The benefits of physical activity are well-documented, with fitness influencers, YouTubers, and hundreds of brands pushing the importance of regular exercise. However, where does exercise stand when it comes to mental health conditions, such as depression?
This article will explain more on this topic, answering the question and providing you all the information you need to know!
Depression often leads to physical inactivity
Often, those who find themselves clinically depressed are likely to be physically inactive. The direct correlation of this is still not one hundred percent; however, at a glance, the opposite may also be true: physically active people are less likely to become depressed.
Despite this, physical activity is known for its ability to change one’s mood, mainly due to the hormones and chemicals released from a workout. The main hormone responsible is serotonin, responsible for feelings of well-being, happiness, and fulfillment.
Depression may be an indirect cause of a lack of exercise
Following on from our previous point, depression can be seen as a result of an in-direct cause of a lack of exercise. We’re talking about the cocktail of health conditions those who are inactive are more likely to accumulate, such as diabetes, heart disease, cancers, and other health-related problems.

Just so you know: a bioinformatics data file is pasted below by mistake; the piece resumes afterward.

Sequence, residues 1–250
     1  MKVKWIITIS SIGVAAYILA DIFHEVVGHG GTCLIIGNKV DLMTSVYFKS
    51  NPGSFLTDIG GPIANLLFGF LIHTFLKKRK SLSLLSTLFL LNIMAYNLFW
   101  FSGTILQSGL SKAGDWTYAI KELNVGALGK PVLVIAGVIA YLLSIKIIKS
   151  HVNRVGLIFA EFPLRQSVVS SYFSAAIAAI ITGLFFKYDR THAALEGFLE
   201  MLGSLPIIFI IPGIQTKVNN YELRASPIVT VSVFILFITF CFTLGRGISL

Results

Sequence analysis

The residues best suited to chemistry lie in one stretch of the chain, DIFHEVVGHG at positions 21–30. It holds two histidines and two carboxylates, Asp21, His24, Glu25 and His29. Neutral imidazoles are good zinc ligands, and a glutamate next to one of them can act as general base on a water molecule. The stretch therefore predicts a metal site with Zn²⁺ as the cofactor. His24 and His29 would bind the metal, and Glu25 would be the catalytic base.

On the other hand, those who exercise regularly are less likely to experience these health conditions, perhaps making them happier and not deteriorating the quality of their day-to-day life.
Sleep problems and a lack of energy
Physical activity is known not only to improve the quality of sleep that we get but to help you fall asleep faster, too. Often, those who have depression struggle to fall asleep, perhaps with so little sleep, this results in a lack of energy, and overall, contributes to a further depressed mood.
Therefore, incorporating regular physical activity into your day-to-day life, whether running, walking, or even gardening, is likely to help improve your sleep, thus improving your mood and overall well-being.
The bottom line
In a world where technology and screens are everywhere, getting out the door for a run or going to the gym has never been more challenging. However, it’s important that we remember the many associated benefits, helping to better your health and overall well-being.
So, while scientific evidence is still lacking regarding the direct association between physical activity and depression, it’s wise to say that those who are active are less likely to be depressed. Get outside, go for a run, and reap the many benefits on offer. You won’t regret it.
For more advice on physical activity and supplements, check out our blog.